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At breakfast table

Posted September. 19, 2020 07:22,   

Updated September. 19, 2020 07:22


Here is how modern Korean verse, a.k.a. modern Korean sijo, works. Its first impressions are that it seems to be written in free style but a closer look may bring you an awakening of feelings, which in nature permeate your soul just as a strand of fragrance moves in with a gently breezing air. The irregular-looking wanderings of characters give you a feeling of restraint and moderation. Be noted that each verse consists of three lines. Reading it out in a mutter tells you that rhythmical flows work here. Simply put, modern Korean sijo is the embodiment of modern-era sentiments delivered in a thousand-year-old form of literature.

You may consider that only elderly people enjoy reading sijo, which is not true. This literary type does not have limitations when it comes to concepts, inspirations and topics. By elaborating sentiments delicately based on a set of certain rules, it gives audiences at any age a joy of reading. This piece of work depicts the scenes that many of us find familiar and friendly in our daily lives. Faces around the dining table, exhibiting their own loneliness and insecurities, may be seen not only as part of last night’s family time in your kitchen but also as part of tomorrow’s dinner in your neighbor’s. Words are verbally uttered but they do not deliver any meaning at all. Merely being together in the same place at the same time is not always a successful way of communicating. It is truly common in family life of our time. Every human being living in the current time is in essence in a state of solidarity and insecurity. You may be surprised by how many philosophers have preached to the public that it is just how we people live so there is nothing bizarre about anything in this world.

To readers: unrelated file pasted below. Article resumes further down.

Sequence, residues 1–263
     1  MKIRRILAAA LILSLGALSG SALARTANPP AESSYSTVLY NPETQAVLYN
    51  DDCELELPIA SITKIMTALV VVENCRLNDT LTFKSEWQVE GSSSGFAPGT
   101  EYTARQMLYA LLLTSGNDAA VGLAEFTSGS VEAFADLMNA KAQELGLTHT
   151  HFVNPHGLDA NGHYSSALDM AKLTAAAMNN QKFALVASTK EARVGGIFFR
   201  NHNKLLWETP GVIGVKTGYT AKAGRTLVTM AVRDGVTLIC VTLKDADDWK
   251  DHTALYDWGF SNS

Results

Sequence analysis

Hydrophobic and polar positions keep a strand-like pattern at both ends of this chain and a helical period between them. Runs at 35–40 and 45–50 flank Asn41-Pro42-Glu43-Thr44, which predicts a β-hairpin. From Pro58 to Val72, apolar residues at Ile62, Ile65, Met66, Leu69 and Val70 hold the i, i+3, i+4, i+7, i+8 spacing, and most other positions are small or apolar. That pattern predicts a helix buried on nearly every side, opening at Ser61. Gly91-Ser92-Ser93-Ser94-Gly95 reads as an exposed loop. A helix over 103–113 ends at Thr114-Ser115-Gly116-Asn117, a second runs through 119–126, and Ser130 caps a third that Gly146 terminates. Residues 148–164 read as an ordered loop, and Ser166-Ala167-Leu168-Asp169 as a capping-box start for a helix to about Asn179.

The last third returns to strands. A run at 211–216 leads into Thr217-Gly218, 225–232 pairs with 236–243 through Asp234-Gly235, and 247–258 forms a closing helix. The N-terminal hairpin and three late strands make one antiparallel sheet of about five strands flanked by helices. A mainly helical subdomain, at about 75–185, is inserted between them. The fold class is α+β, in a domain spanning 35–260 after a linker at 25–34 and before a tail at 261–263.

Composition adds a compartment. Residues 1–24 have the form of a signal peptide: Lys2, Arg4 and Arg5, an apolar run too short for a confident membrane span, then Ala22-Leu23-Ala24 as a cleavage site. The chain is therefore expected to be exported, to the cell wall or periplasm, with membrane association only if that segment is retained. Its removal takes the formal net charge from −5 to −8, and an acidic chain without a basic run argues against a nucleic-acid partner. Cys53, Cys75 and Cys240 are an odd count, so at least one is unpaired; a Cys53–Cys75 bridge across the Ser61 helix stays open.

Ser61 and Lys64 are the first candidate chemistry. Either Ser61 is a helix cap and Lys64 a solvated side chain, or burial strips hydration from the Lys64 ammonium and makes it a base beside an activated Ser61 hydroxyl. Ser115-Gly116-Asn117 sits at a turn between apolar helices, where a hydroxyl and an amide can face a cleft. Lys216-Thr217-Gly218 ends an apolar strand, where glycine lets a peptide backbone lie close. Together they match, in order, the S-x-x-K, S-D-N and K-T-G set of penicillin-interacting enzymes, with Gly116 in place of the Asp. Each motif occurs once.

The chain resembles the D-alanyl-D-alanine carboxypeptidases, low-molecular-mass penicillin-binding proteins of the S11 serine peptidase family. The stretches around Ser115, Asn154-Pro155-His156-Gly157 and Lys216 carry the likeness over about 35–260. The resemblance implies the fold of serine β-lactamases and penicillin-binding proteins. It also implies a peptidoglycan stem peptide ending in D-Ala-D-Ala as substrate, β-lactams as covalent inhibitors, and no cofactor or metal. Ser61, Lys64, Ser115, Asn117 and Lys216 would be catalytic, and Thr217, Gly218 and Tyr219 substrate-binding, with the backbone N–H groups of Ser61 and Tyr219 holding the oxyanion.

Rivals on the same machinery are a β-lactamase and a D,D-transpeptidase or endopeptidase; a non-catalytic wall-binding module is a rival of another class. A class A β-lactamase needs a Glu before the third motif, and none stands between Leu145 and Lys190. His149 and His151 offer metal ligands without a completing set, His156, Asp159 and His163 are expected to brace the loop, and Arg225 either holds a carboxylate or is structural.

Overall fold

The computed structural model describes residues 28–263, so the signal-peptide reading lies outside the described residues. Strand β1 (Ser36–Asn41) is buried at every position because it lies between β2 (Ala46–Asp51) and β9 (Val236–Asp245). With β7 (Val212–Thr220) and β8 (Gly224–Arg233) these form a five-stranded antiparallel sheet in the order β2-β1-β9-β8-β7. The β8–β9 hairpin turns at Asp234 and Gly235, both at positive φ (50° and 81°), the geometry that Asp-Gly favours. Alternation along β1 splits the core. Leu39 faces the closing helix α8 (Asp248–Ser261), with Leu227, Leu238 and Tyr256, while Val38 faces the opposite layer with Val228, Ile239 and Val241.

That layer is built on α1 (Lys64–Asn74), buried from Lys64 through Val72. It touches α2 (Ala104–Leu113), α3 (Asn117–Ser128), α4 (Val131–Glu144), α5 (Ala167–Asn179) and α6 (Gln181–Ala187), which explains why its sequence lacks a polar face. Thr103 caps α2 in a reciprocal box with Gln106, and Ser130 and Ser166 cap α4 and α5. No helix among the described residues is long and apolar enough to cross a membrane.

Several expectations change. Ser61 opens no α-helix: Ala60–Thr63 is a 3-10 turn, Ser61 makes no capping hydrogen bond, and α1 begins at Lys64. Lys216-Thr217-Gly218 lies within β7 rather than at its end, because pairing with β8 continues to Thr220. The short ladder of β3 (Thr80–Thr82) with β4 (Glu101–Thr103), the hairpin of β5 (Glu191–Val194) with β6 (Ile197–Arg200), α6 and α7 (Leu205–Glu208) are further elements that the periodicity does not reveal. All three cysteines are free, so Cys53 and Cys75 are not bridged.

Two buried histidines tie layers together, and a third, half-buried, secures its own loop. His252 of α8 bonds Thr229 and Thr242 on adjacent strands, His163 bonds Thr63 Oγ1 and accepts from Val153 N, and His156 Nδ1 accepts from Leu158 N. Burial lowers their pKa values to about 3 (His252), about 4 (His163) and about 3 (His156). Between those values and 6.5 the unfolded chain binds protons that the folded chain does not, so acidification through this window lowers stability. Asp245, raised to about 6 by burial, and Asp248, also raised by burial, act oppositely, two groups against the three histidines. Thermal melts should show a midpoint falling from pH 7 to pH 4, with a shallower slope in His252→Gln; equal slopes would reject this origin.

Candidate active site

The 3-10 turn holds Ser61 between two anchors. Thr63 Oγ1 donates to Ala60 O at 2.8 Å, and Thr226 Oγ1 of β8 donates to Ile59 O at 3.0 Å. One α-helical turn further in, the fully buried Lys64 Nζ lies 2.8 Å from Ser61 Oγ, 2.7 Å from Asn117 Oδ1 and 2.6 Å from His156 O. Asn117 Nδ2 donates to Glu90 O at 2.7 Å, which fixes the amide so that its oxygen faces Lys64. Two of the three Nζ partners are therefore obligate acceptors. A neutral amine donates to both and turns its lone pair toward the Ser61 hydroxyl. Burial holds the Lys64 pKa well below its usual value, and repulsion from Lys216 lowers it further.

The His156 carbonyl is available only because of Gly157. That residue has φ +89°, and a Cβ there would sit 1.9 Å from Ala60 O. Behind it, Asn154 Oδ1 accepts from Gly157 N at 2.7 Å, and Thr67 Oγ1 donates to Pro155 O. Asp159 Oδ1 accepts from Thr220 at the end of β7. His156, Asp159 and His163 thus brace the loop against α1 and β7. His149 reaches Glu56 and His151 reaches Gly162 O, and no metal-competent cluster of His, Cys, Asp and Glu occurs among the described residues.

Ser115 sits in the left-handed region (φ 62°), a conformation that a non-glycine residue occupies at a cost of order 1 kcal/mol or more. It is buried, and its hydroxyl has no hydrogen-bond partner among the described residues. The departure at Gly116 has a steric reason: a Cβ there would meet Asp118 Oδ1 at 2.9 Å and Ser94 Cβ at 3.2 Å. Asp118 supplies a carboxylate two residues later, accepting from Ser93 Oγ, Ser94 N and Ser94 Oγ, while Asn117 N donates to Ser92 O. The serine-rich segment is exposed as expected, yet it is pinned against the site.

The problem here is that such an intrinsically natural fact is not accepted and embraced by many of us. You feel lonely but you do not want to. You are trembling in insecurity but it is the last thing that you want to do. You already know that swapping each other’s stories is a failed way of communication but you still hope to communicate. That is how we are living such an ironic life. For this reason, I may relate to one of the lines in this work of sijo saying, “The dining table being left empty after a meal feels like a lonesome island.” Obviously, we all know firsthand how such an empty table comes across.